Colorado's statute provides property tax relief for VA-certified permanently and totally disabled state veterans. Colorado's law covers all of them, but some Colorado legislators have mentioned to the state's Veterans Affairs Department they'd like exceptions made, on the basis of their personal preference! The federal VA provides certification for this type of veteran and the state accepts that is the qualifier for relief, the benefit being half of the taxes on the first $200,000 of assessed home value.
The problem is that Colorado pretends there are extra words in its statute and adds, unofficially and without legislation, an unwritten preference suggested by some legislators to disqualify those disabled veterans certified by VA as "permanent and totally disabled" if any portion of the total disability is due to unemployability. Many vets are 60% or more for their service-connected disability but other disabilities make it such that the are unable to work even at the poverty level. They still are certified by VA as "100% permanently and totally disabled", but Colorado adds an unofficial, unmentioned qualifier...to exclude vets with any part of their VA award being for unemployability.
They say this is because some of the legislators who drafted the legislation then told the Colorado Veterans Department that's how they'd like the extra, interpretation added but only AFTER the language had been approved by the people of the state, their legislators, and the governor. Time for a little extra-legal fine tuning, not by adding eligible veterans by but excluding eligible veterans otherwise clearly certified by the VA as eligible for Colorado disabled veteran property tax relief. They did this, not by the clear words of the Colorado statute nor the equally clear words of the VA letter certifying some disabled veterans with unemployability awards as "100% permanent and totally disabled." They did this by simply telling the Colorado Veterans Affairs how they'd prefer the statute to be more exclusive, despite the language of the law just passed.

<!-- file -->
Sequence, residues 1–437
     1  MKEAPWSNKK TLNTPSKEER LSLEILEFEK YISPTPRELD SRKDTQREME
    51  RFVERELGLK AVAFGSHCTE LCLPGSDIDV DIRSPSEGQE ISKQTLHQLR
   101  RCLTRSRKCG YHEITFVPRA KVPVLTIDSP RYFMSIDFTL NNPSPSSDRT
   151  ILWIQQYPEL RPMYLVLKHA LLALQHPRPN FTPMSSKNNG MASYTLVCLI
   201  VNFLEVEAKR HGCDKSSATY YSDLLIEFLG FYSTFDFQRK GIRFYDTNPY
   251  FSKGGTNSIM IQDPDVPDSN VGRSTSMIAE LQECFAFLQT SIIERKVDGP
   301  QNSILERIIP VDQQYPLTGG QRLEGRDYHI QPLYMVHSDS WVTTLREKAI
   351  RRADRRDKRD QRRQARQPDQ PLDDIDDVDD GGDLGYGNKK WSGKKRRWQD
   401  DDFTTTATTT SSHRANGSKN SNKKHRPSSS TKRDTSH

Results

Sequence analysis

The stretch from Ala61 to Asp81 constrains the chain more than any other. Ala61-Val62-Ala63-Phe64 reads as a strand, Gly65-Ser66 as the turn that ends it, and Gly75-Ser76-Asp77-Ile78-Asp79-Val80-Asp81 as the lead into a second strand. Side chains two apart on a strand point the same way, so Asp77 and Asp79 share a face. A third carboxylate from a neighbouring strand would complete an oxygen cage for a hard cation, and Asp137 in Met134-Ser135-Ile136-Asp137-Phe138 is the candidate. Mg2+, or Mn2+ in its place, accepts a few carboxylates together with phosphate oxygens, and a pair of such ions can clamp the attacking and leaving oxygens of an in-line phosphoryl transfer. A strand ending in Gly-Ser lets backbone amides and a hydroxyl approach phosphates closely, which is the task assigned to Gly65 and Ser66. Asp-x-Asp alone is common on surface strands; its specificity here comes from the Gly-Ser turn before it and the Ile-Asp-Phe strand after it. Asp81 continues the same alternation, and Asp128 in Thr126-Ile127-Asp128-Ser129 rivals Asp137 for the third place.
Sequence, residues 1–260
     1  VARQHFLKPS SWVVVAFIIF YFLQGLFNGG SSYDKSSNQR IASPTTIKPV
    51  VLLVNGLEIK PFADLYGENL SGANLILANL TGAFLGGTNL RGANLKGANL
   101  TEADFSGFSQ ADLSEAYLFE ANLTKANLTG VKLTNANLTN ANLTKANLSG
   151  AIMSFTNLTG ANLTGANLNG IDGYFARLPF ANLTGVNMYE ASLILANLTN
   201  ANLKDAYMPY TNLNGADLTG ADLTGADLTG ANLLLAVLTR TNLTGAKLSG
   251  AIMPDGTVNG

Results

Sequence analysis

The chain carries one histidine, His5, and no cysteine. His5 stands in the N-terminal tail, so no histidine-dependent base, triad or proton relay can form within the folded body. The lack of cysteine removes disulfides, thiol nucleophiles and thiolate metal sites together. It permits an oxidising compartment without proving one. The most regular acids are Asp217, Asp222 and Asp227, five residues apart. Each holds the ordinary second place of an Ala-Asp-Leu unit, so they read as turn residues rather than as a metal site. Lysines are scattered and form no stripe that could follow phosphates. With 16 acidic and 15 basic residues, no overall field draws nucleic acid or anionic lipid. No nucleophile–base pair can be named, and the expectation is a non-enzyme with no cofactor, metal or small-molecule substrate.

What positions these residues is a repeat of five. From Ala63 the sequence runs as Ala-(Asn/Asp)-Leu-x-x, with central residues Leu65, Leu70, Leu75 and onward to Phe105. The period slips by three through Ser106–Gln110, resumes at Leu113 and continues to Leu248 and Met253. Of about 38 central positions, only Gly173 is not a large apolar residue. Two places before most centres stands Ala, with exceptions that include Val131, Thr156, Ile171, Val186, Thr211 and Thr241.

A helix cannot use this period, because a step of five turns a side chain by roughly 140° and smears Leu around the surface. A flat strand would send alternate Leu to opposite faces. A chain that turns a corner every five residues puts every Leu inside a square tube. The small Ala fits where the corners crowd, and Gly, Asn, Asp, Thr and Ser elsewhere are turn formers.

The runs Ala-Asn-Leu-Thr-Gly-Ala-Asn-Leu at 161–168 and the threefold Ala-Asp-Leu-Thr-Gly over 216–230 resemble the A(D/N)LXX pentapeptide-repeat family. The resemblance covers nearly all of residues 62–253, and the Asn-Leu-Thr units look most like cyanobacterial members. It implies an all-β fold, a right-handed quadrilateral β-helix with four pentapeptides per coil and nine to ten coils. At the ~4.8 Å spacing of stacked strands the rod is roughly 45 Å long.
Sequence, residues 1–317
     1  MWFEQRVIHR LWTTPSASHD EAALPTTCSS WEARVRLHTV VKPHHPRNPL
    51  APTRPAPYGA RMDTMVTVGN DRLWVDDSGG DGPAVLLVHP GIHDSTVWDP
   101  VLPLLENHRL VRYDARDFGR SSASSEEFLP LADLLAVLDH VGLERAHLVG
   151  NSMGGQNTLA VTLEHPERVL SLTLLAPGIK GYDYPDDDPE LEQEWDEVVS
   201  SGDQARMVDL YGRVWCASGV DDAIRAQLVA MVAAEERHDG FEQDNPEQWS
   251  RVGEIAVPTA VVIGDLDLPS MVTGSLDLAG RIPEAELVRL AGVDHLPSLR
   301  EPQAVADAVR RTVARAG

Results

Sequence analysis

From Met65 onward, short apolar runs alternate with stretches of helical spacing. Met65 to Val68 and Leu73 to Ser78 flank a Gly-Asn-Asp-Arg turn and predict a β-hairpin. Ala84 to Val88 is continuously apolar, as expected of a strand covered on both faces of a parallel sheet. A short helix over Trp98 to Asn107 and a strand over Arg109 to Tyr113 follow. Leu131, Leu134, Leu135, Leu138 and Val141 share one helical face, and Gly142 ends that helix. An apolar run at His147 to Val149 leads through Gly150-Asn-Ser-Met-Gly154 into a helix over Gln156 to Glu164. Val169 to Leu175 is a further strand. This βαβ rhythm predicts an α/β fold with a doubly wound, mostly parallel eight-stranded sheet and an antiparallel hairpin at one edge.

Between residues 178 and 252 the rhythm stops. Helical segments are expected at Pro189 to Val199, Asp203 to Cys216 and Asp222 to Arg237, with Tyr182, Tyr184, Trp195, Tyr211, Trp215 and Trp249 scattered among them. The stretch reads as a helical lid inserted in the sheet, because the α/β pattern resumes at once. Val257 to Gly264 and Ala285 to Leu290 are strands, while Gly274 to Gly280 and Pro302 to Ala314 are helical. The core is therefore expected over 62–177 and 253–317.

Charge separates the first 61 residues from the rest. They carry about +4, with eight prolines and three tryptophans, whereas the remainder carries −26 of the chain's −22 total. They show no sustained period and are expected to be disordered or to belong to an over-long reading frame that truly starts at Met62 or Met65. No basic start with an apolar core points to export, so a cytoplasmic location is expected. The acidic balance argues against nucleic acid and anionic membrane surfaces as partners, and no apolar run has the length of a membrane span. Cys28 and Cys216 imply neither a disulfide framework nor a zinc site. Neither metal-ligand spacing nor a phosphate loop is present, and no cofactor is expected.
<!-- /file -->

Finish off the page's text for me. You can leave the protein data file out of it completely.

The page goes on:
Only by the legislators' personal preference is it that totally disabled unemployability-qualified veterans are to be excluded, despite their word-for-word qualification under the Colorado law.
Personal preferences of some Colorado legislators somehow trump the clear language of the law, the votes of both houses of its legislators, and the governor's signature and the massive support of Colorado's citizens who want the states veterans given a small and vital benefit.
Here's the law:
" (1.5) "Exemption" means the property tax exemptions for qualifying seniors and qualifying disabled veterans allowed by section 39-3-203.
(3.5) "Qualifying disabled veteran" means an individual who has served on active duty in the United States armed forces, including a member of the Colorado National Guard who has been ordered into the active military service of the United States, has been separated therefrom under honorable conditions, and has established a service-connected disability that has been rated by the United States department of veterans affairs as one hundred percent permanent and total disability pursuant to a law or regulation administered by the department."
Why the distinction? Anybody catch the word "unemployability" Anybody else notice that it is the United States Department of Veterans Affairs which certifies 100% permanent and totally disabled veterans, not the state of Colorado?